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The Plow-Woman   By: (1875-1951)

The Plow-Woman by Eleanor Gates

First Page:

THE PLOW WOMAN

BY ELEANOR GATES

Author of The Biography of a Prairie Girl

[Illustration]

NEW YORK McCLURE, PHILLIPS & CO. MCMVI

Copyright, 1906, by McCLURE, PHILLIPS & CO.

Published, September, 1906

Copyright, 1906, by The Pearson Publishing Company

To Robert Underwood Johnson, Esq.

CONTENTS

CHAPTER PAGE

I. IN THE FURROW 3

II. A TRIP AND TROUBLE AHEAD 17

III. DALLAS MAKES A FRIEND 30

IV. MISUNDERSTANDINGS 41

V. THE DESPISED 52

VI. FROM DODGE CITY 62

VII. OUT OF THE SKY 76

VIII. BEFORE THE WARPED DOOR 86

IX. A HAND IN THE FUN 96

X. AN APPEAL TO HEADQUARTERS 106

XI. A LITTLE STRATEGY 118

XII. A CONFESSION 129

XIII. A PROPOSAL AND A PROMISE 134

XIV. ANOTHER PROMISE 145

XV. NECESSITY 151

XVI. BACK FROM THE WINTER CAMP 169

XVII. THE AWAKENING 178

XVIII. THE SMOKING MOUNTAIN 191

XIX. AL BRADEN OF SIOUX FALLS 200

XX. A CHARGE 210

XXI. A MEETING BY THE FORD 216

XXII. A FIRST WARNING 223

XXIII. AND WHAT FOLLOWED IT 228

XXIV. THE SPIRIT OF THE FRONTIER 245

XXV. THE INQUIRY 254

XXVI. BACKSLIDING 264

XXVII. SIMON PLAYS A PART 270

XXVIII. A CHANGE IN PLAN 277

XXIX. LOUNSBURY'S RETURN 284

XXX. THE TRYST 297

XXXI. BY THE LIGHT OF A MATCH 303

XXXII. THE EVE OF OTHER THINGS 309

XXXIII. THE END OF A DREAM 312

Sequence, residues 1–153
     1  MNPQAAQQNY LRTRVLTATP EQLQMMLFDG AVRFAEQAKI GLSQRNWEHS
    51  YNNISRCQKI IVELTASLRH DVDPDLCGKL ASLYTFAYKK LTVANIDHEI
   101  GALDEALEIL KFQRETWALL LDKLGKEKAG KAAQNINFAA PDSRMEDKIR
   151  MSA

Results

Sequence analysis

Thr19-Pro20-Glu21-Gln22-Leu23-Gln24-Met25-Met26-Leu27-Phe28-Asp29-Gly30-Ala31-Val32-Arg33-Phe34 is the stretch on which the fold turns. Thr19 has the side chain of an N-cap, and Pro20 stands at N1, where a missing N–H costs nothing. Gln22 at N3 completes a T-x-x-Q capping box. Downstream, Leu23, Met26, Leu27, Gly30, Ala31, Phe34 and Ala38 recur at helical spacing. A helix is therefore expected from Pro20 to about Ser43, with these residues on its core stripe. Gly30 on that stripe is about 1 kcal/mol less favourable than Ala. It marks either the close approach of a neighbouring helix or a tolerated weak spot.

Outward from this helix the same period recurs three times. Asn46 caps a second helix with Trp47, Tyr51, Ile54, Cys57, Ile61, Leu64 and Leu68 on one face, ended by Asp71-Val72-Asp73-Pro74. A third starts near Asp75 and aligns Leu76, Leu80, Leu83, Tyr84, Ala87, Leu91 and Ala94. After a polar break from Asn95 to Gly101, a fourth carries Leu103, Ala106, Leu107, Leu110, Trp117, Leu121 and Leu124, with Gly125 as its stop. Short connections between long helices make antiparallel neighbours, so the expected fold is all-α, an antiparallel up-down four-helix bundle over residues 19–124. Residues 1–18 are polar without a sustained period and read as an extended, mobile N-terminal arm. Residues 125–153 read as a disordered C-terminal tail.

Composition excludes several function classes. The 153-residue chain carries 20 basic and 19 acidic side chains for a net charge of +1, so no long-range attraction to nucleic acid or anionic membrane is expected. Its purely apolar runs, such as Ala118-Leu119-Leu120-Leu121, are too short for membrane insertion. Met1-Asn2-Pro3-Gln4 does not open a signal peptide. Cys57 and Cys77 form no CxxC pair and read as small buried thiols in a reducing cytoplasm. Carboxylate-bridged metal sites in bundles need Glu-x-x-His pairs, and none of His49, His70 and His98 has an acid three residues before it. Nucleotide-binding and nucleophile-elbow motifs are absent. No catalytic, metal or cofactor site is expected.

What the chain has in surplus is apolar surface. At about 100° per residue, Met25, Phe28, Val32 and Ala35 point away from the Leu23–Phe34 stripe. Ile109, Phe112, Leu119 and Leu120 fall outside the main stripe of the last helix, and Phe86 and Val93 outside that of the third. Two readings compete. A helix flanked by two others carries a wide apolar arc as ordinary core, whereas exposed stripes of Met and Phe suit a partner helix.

XXXIV. FIRE AND ESCAPE 318

XXXV. THE LAST WARNING 325

XXXVI. SOME UNEXPECTED DISCOVERIES 330

XXXVII. THE FLIGHT TO MURPHY'S THROAT 335

XXXVIII. FRASER HEARS A CALL 342

XXXIX. STANDING AT BAY 345

XL. SOME ENDINGS AND BEGINNINGS 351

XLI. TAPS 361

THE PLOW WOMAN CHAPTER I

IN THE FURROW

The coulée was a long, scarlet gash in the brown level of the Dakota prairie, for the sumach, dyed by the frosts of the early autumn, covered its sides like a cloth whose upper folds were thrown far over the brinks of the winding ravine and, southward, half way to the new cottonwood shack of the Lancasters. Near it, a dark band against the flaming shrub, stretched the plowed strip, narrow, but widening with each slow circuit of the team as the virgin, grass grown land was turned by the mould board to prepare for the corn planting of the coming spring.

The sun, just risen, shone coldly upon the plain, and a wind, bearing with it a hint of raw weather and whirling snow, swept down the Missouri valley from the north, marshalling in its front hosts of gabbling ducks and honking geese that were taking noisy flight from a region soon to be buried and already bleak. Yet with all the chill in the air, Ben and Betty, the mules, steamed as they toiled to and fro, and lolled out their tongues with the warmth of their work and the effort of keeping straight in the furrow; and Dallas, following in their wake with the reins about her shoulders and the horns of the plow in a steadying grasp, took off her slouch hat at the turnings to bare her damp forehead, drew the sleeve of her close fitting jersey across her face every few moments, and, at last, to aid her in making better progress, as well as to cool her ankles, brought the bottom of her skirt through the waistband, front and back, and walked in her red flannel petticoat... Continue reading book >>




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